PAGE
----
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    Default

    My 375 H&H only has a 20" barrel and it is an excellent combination of power and portablity. The 20" barrel really doesn't loose that much velosity with the shorter tube.

  15. #15
    Mark
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    Default

    Quote Originally Posted by mauserboy View Post
    If you want a short barreled carbine as you described, I personally wouldn't go with the .338 Win Mag, as you would lose too much velocity/energy.......
    .338 WinMag, Browning Stainless Stalker, 2 1/2x Scout Scope (w/ quick release mounts), backup sights, 20" barrel.

    250 grain Nosler Partition in factory Federal Safari loads timed out at 2600 fps.

    Rifle weighs about 7 lbs as seen, and is 40" long.
    Attached Images Attached Images

  16. #16

    Default Steyr Scout

    You might consider the Scout in .376. What you describe is exactly what Jeff Cooper envisioned. No, I don't have one. Yes, I did have it in my hands at one point. Still kicking myself for leaving it behind.

  17. #17
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    Thumbs up Short hammer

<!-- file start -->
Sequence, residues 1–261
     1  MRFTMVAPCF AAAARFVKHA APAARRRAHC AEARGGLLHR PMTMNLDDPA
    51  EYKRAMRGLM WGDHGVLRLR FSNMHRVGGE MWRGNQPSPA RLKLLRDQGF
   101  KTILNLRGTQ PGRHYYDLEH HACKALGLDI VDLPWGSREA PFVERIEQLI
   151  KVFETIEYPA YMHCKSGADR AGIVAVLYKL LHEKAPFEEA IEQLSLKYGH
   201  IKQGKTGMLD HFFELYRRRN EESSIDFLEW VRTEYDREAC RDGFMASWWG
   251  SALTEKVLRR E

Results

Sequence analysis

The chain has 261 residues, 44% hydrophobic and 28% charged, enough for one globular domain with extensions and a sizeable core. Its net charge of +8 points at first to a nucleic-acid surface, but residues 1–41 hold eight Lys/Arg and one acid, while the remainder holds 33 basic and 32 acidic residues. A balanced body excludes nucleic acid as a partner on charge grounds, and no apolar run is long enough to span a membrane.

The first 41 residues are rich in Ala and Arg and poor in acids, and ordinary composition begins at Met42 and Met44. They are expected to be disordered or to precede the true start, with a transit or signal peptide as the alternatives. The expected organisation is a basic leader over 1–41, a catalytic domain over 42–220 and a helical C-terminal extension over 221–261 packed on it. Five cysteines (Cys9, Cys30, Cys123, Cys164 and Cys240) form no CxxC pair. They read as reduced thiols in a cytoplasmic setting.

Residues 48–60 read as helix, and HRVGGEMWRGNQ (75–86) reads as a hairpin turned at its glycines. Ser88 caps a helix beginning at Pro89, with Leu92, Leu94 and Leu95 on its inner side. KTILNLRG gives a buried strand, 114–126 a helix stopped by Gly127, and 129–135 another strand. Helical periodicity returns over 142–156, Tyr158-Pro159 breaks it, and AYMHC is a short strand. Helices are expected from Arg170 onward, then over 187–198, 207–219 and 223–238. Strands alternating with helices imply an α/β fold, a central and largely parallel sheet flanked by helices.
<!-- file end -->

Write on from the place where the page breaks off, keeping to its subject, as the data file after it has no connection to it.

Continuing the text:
Nice scout there Mark.

    I have done some shooting of short barreled 338 WM and there is a lot of fire and flash from the short barrels but handloading with the right powder can help that a lot. I had a very nice Sako Battue with a 19.25" barrel and was able to get I think (I'll have to check my notes) 2650 fps from a 250 grain partition, so it can be done. Factory ammo may not be as good due to the slower powders they will typically use. I sold that Battue to Allen, maybe he can give us results with factory ammo.

    This is a moot point if you don't handload. The 338-06 is not a wildcat anymore, I believe it was A Square who got SAAMI acceptance of that round (not A frame) but brass and ammo is from A Square or Weatherby (Norma made) who made the only rifle for it. If you want a short light rifle with a 18-20" barrel the best performer will be the 358 Win caliber. In a short gun I would prefer that over the Whelen. I would also prefer a bolt rifle but if you go with a lever the 375 Win is probably the best choice or the 356 Win which is the 358 Win with a rim. Neither of them are very popular and factory ammo is like chicken lips.